Written 16 April 2024
This review is the subjective opinion of a Tripadvisor member and not of Tripadvisor LLC. Tripadvisor performs checks on reviews as part of our industry-leading trust & safety standards. Read our transparency report to learn more.

istannbul
Nuremberg, Germany55 contributions
4.0 of 5 bubbles
June 2014 • Friends
Tekfur Palace is the only standing Byzantine palace in İstanbul. In order to understand Byzantine structure I suggest you to visit it, but due renovation works some parts of the palace is closed.
Written 25 June 2014
This review is the subjective opinion of a Tripadvisor member and not of Tripadvisor LLC. Tripadvisor performs checks on reviews as part of our industry-leading trust & safety standards. Read our transparency report to learn more.

Carol A S
Marietta, GA4,157 contributions
4.0 of 5 bubbles
Apr 2019
Tekfur Sarayı (translates to "Palace of the Sovereign", a.k.a. Palace of the Porphyrogenitus), is a late 13th-century Byzantine palace located between the inner and outer fortifications on a northern bend in the (much earlier) Theodosian Walls. The palace ruins have been recently renovated, with a courtyard open to the sky surrounded by walls of red brick and white marble arranged in geometric designs typical of the late Byzantine period. Part of the structure has been enclosed and contains a small museum with superb samples of early Ottoman pottery and mosaics (signs in Turkish and English). The palace was constructed during the late 13th or early 14th centuries as an annex to the (much earlier) Blachernae palace complex. It was named after Constantine Palaiologos, a son of Byzantine Emperor Michael VIII Palaiologos. (The Greek Porphyrogenitus means "born to the purple", indicating a child born to a reigning emperor.) The palace was an imperial residence during the final years of the Byzantine Empire, and was heavily damaged during the Ottoman conquest of Constantinople in 1453. Afterwards it had several purposes: it was part of the Sultan's menagerie (16th and 17th C), and then became a brothel (early 18th C). In 1719, the Tekfur Sarayı pottery workshop was set up, producing ceramic tiles similar to İznik tiles, but influenced by European designs and colors. The workshop had five kilns and also produced vessels and dishes. After about a century it went out of business, and in the first half of the 19th century the building became a poorhouse for Istanbul Jews. In the early 20th century, it was briefly used as a bottle factory, before being abandoned. Only the elaborate brick and stone outer façade survives today; one of a few examples of secular Byzantine architecture. The pottery exhibits in the museum pay tribute to the excellent craftsmanship of the Tekfur Sarayı pottery workshop. I enjoyed strolling around the uncrowded ruins, and contemplating the palace which had witnessed so much history. Tekfur Sarayi is open every day from 9 am to 6 pm during the tourist season, with no entry fee.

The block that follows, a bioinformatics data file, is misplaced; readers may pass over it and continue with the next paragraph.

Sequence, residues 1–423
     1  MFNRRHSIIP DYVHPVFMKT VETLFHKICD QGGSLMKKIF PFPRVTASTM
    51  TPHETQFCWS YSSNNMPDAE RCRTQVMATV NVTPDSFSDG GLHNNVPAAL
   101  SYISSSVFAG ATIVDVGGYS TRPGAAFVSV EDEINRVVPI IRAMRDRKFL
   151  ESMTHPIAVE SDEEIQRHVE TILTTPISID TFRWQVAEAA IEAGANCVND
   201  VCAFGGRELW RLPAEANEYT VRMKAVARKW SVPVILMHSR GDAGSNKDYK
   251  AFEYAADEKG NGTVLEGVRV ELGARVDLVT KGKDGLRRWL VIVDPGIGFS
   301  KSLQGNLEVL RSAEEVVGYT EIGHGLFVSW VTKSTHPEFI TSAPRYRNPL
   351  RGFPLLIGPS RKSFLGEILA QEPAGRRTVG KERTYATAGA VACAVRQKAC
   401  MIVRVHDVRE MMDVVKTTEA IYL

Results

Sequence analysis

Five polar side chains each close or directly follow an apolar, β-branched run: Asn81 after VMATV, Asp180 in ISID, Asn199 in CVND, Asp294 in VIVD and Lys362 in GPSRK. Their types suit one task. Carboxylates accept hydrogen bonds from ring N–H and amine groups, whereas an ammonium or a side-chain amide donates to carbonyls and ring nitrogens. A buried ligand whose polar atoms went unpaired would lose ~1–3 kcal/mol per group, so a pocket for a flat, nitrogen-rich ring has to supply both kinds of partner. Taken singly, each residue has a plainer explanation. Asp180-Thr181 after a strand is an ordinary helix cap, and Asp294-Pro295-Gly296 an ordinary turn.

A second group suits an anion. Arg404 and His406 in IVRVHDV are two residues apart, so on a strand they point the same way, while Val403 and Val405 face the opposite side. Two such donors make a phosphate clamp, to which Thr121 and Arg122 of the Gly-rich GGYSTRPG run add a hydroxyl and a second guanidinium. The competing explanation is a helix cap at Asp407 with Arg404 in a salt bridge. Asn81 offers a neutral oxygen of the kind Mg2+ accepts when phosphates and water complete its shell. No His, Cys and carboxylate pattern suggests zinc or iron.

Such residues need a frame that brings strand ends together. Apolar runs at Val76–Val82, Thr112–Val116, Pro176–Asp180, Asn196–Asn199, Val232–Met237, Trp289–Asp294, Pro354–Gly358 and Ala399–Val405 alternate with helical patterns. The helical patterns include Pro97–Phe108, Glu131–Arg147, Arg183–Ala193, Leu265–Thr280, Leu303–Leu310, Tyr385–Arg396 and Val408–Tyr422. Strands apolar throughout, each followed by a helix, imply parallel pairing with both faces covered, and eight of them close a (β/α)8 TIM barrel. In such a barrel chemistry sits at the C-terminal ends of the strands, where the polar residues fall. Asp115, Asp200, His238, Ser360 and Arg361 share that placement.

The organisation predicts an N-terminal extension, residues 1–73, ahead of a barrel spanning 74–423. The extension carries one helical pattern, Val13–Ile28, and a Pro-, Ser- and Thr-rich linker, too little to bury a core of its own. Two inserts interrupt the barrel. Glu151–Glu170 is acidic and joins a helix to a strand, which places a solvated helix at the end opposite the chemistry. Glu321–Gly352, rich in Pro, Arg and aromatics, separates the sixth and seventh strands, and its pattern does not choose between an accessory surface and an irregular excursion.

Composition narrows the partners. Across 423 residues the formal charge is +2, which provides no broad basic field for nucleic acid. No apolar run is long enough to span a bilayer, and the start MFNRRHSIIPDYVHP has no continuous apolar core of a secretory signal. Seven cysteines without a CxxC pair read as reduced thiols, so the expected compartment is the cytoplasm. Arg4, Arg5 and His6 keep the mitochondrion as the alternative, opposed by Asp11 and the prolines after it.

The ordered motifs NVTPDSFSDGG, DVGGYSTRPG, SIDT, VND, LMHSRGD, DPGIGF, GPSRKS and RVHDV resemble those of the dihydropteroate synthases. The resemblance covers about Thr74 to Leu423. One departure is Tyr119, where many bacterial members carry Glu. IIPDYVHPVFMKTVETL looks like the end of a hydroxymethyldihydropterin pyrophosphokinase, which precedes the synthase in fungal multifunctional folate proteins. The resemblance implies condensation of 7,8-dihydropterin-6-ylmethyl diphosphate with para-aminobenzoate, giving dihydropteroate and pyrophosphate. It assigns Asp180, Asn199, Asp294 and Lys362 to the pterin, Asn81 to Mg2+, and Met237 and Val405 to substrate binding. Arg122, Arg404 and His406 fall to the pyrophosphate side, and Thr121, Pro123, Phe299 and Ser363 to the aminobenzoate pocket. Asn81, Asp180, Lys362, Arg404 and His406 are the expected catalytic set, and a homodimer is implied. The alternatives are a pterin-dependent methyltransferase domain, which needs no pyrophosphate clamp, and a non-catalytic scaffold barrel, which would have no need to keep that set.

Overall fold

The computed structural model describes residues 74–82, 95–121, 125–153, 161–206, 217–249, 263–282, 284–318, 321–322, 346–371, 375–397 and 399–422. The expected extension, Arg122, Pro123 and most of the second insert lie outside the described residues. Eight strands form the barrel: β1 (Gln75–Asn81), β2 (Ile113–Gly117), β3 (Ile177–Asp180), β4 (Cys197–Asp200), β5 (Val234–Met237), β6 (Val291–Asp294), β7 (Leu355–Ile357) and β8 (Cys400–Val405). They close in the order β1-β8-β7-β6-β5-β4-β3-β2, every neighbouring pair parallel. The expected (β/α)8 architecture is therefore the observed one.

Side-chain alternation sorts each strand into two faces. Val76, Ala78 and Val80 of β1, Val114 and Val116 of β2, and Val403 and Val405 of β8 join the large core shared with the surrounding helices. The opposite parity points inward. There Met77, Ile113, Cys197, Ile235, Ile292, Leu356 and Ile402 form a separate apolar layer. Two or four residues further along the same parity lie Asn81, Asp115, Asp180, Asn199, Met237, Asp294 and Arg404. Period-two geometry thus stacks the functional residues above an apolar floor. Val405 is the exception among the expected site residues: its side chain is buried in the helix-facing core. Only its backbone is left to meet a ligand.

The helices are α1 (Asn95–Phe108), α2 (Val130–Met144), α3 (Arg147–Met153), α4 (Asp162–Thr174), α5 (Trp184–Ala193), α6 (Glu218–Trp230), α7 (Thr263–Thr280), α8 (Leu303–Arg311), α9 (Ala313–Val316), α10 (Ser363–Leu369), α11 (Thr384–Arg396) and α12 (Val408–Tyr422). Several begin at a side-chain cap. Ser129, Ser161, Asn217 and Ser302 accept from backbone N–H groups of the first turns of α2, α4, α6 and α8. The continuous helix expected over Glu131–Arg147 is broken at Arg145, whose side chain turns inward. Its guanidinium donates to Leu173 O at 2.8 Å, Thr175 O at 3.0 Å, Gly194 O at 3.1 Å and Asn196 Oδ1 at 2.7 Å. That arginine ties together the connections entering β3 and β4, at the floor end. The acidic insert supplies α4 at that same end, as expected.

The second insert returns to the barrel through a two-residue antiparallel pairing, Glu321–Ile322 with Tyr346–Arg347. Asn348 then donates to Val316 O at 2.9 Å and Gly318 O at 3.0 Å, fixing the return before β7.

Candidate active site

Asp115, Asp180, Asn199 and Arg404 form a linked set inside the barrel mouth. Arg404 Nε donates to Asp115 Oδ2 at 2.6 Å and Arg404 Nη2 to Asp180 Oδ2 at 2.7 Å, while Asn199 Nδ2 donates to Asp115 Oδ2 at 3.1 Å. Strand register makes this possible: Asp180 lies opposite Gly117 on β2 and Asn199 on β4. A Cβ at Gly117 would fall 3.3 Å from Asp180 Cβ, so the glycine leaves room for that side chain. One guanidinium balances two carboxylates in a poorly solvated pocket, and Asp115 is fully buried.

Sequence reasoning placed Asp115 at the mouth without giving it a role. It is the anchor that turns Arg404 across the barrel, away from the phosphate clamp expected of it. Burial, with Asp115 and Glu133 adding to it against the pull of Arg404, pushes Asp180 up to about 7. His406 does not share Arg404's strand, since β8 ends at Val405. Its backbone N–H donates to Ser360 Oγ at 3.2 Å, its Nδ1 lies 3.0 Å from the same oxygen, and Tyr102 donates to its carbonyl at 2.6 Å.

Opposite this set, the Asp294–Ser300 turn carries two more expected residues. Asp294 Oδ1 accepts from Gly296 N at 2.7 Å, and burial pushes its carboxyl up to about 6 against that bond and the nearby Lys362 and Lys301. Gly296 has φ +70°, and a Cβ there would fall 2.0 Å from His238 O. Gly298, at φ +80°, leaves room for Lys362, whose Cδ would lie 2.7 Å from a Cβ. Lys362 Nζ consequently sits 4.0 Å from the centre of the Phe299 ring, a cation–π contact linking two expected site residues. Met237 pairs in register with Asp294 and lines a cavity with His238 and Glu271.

Written 17 August 2019
This review is the subjective opinion of a Tripadvisor member and not of Tripadvisor LLC. Tripadvisor performs checks on reviews as part of our industry-leading trust & safety standards. Read our transparency report to learn more.

JeJeWe
Copenhagen, Denmark554 contributions
4.0 of 5 bubbles
July 2011 • Couples